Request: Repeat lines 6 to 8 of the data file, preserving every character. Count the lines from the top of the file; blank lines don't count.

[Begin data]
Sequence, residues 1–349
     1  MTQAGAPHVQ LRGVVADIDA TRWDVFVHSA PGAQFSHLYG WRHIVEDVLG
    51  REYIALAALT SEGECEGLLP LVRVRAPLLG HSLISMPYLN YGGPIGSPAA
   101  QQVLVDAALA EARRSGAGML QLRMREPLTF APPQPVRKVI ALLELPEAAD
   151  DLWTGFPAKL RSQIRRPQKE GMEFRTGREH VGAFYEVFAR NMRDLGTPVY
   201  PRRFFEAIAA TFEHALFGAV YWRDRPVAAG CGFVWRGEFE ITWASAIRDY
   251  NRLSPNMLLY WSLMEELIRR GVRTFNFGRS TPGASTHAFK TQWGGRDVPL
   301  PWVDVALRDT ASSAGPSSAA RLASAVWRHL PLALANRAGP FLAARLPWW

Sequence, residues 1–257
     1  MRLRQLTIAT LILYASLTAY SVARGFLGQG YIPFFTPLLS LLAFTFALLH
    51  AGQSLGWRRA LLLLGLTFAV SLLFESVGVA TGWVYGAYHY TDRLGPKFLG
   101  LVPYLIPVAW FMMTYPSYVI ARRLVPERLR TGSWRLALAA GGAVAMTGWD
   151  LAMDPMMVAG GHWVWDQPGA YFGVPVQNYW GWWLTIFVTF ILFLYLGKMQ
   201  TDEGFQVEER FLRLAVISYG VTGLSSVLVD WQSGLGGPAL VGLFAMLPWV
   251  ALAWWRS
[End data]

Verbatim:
   201  PRRFFEAIAA TFEHALFGAV YWRDRPVAAG CGFVWRGEFE ITWASAIRDY
   251  NRLSPNMLLY WSLMEELIRR GVRTFNFGRS TPGASTHAFK TQWGGRDVPL
   301  PWVDVALRDT ASSAGPSSAA RLASAVWRHL PLALANRAGP FLAARLPWW